The pace of globalization has been transforming business in every country for the past decade, and there is no end in sight. Regardless of the outcome of political issues related to global trade, environmental and labor standards and lingering protectionism, it is increasingly clear that business must adapt to a customer base composed of many different nationalities and cultures.
The current approach to international business is often driven by two assumptions, both mistaken. The first is that international business deals will happen only if the correct governmental policies and legal structures are in place in the target country, and the second is that one can simply extend the domestic strategy to the new international environment and it will accomplish the same objectives it accomplishes at home.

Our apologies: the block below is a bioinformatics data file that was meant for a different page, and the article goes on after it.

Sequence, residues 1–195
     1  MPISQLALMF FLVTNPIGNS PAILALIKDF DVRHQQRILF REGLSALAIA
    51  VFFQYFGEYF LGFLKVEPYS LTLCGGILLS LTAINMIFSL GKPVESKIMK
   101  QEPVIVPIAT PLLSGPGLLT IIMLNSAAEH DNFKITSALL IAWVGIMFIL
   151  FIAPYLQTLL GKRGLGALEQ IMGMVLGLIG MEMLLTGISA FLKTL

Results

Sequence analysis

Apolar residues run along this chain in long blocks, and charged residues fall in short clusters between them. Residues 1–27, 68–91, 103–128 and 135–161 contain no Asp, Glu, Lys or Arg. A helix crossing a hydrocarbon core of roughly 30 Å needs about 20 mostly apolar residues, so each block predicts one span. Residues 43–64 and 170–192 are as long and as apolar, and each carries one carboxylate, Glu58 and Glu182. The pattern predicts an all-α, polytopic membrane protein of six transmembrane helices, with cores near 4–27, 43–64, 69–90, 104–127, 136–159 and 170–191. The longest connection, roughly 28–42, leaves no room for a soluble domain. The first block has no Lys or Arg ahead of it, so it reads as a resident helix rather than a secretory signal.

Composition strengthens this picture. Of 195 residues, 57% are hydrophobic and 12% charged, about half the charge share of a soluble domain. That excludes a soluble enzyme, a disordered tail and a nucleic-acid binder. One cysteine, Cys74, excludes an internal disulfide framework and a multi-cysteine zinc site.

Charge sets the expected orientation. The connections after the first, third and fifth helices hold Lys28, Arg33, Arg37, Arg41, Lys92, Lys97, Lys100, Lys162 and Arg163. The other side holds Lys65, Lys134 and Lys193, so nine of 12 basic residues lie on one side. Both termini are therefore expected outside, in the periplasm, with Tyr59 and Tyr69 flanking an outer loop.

Policies alone do not create business deals, companies do. Business executives are often not literate in how business is done in overseas settings, and so assume that the absence of a legal or regulatory system similar to their own, there can only be chaos. Often, the differences in systems are reflections of differences in the attitudes and values of the cultures that give birth to them. For example, cultures that emphasize collectivism and consensus in their interpersonal relations will generally rely more on the value of verbal agreements than cultures where individuality and competition are emphasized. In a system where the common good is assumed to be the collective goal, there is less need for legislation and court activity to broker potential conflicts. Companies from different cultures will often experience the same kind of uncertainty in making deals that individuals feel when developing relationships with someone from a different culture.